If there’s a light at the end of the tunnel the Insurance Institute for Highway Safety isn’t seeing it.
The group just released new headlight tests for midsize SUVs and only two out of 37 vehicles tested earned “good” ratings – the 2017 Hyundai Santa Fe and 2017 Volvo XC60. The vast majority earned “poor” and “marginal” ratings, including some of the most popular SUVs in the segment which include the Jeep Wrangler, Ford Edge and Ford Explorer.
The IIHS tests focused on two areas: how well low and high beams lit up the road ahead and whether headlights created significant glare that could blind oncoming drivers. The tests involved the best available headlight system for each model.
Illuminating the Road
The XC60 earned a top rating thanks to its optional curve-adaptive HID projector headlights, which swivel with the steering wheel to better highlight bends in the road.
One of the worst performers was the 2017 Kia Sorento with headlights that only illuminate 148 feet down a straight road. The Volvo more than doubles that number – scoring 315 feet on the same test. Kia says it will “consider the findings” and considering how well they did with a quick fix on the Optima’s, there’s certainly hope for the Sorento.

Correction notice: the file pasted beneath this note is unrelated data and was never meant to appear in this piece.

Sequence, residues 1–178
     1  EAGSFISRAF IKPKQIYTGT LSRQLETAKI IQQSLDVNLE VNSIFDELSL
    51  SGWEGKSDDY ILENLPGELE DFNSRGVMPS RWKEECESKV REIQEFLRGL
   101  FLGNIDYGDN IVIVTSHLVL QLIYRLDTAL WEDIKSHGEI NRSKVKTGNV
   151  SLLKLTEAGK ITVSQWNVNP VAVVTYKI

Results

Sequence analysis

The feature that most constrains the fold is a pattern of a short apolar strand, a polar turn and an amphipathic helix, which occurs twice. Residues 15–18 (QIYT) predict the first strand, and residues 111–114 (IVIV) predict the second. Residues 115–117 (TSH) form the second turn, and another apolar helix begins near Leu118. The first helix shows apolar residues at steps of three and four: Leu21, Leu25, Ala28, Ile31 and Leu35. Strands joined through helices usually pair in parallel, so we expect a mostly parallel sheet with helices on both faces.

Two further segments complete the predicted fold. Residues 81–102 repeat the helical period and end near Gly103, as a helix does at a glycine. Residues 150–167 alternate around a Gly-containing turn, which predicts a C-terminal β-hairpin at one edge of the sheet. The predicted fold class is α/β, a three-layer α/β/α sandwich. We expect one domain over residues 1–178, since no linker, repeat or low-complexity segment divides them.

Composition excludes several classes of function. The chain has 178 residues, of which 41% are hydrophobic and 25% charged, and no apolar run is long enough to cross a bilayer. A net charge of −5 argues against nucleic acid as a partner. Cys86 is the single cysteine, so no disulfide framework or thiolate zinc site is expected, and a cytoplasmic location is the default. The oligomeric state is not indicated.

Researchers also say more than half of the headlight variants tested had too much glare that could blind oncoming drivers. Since headlights are mounted higher on SUVs, it can be more of an issue.
This really caught the top ranking Santa Fe Sport by surprise. While the standard size Santa Fe made the top two, the new, slightly smaller Sport sibling earned “poor” glare ratings for each of its three headlight options.
The 2017 Ford Edge and 2017 Buick Envision also received “poor” ratings because of glare.
The IIHS started testing headlights in 2016. If there is any silver lining it’s that midsize SUVs rank better than smaller SUVs tested last year, when none of the 21 models tested earned a “good” rating.
Ford, FCA, Hyundai, Nissan, and Toyota all say they plan to look into the test results. All the models do pass federal standards.